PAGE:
Tag Archives: 1857

SHORT STORY: RUMPELSTILTSKIN

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    An interesting fairy tale that we might have read in our childhood. The name Rumpelstilzchen, in German, literally means, “little rattle stilt,” which means a dwarf in the German folktale who spins flax or straw into gold for a young woman on the condition that she give him her first child or else guess his name.

    In order to appear superior, a miller lies to the king, telling him that his daughter can spin straw into gold.  The king calls for the girl, shuts her in a tower room, filled with straw and a spinning wheel, and demands she spin the straw into gold by morning or he will cut her head off. In other versions the king threatens to lock her up in a dungeon forever, or to punish her father for lying. And, when she has given up all hope, an imp (a mysterious devil like creature) appears in the room and spins the straw into gold in return for her necklace (the imp only comes to people after seeking a deal). Next morning the king takes the girl to a larger room filled with straw to repeat the feat, the imp, once again spins, in return for the girl’s ring. But on the third day, when the girl is taken to an even larger room filled with straw and told by the king that he will marry her if she can fill this room with gold, or execute her, if she cannot, the girl has nothing left, with which, she can pay the strange creature. So, he extracts from her a promise that she will give him her firstborn child, and so, he spins the straw into gold one final time. In some versions, the imp appears and begins to turn the straw into gold, paying no heed to the girl’s protests that she has nothing to pay him with. When he finishes the task, he states that the price is her first child, and the horrified girl objects because she never agreed to this arrangement.

    The king keeps his promise to marry the miller’s daughter, but when their first child is born, the imp returns to claim his payment, the newly born daughter, and says, “Now give me what you promised.” She offers him all the wealth she has to keep the child, but the imp has no interest in her riches.

    He finally consents to give up his claim to the child if she can guess his name within three days. Some versions have the imp limiting the number of daily guesses to three and hence the total number of guesses allowed to a maximum of nine.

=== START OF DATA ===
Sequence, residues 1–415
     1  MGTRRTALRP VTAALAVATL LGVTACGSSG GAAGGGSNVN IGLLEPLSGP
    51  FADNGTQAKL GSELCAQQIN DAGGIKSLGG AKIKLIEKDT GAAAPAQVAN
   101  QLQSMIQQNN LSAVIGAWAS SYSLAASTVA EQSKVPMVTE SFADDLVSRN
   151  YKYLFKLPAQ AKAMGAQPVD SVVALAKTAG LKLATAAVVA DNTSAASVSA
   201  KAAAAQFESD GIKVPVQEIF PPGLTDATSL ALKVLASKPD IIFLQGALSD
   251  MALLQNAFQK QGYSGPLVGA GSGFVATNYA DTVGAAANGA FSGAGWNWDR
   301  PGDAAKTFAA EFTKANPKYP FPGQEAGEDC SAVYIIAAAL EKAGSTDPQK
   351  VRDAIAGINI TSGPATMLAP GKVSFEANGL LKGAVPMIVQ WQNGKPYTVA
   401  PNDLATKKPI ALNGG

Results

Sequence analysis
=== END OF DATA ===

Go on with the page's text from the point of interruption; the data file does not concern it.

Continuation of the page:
Her many guesses fail. But before the final night, she wanders into the woods. In some versions of the story, she sends her servant into the woods instead of going herself, in order to keep the king’s suspicions at bay, looking for him and comes across his remote mountain cottage and watches Rumpelstiltskin, unseen, as he hops about his fire and sings. “Tonight tonight, my plans I make, tomorrow tomorrow the baby I take. The queen will never win the game, for Rumpelstiltskin is my name”— and thereby he reveals his name.

    When the imp comes to the queen on the third day, after first feigning ignorance, she reveals his name, Rumpelstiltskin, when Rumpelstiltskin loses his temper and the bargain. Versions vary about whether he accuses the devil or witches of having revealed his name to the queen. In the 1812 edition of the Brothers Grimm tales, Rumpelstiltskin then “ran away angrily, and never came back.” The ending was revised in an 1857 edition to a more gruesome ending wherein Rumpelstiltskin “in his rage drove his right foot so far into the ground that it sank in up to his waist; then in a fit he seized the left foot with both hands and tore himself in two.” Other versions have Rumpelstiltskin driving his right foot so far into the ground that he creates a chasm and falls into it, never to be seen again. In the oral version originally collected by the Brothers Grimm, Rumpelstiltskin flies out of the window on a cooking ladle.

    The theme prominent in this story is mainly power and greed. The poor miller, the King, and Rumpelstiltskin all want power or what you call the upper hand. The poor miller wants to be seen as more powerful in the King’s eyes and so he fabricates about his daughter’s talent which wasn’t really there.

By Kamlesh Tripathi

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https://kamleshsujata.wordpress.com

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Short stories and Articles published in Bhavan’s Journal: Reality and Perception 15.10.19; Sending the Wrong Message 31.5.20; Eagle versus Scholars June 15 & 20 2020; Indica 15.8.20; The Story of King Chitraketu August 31 2020.

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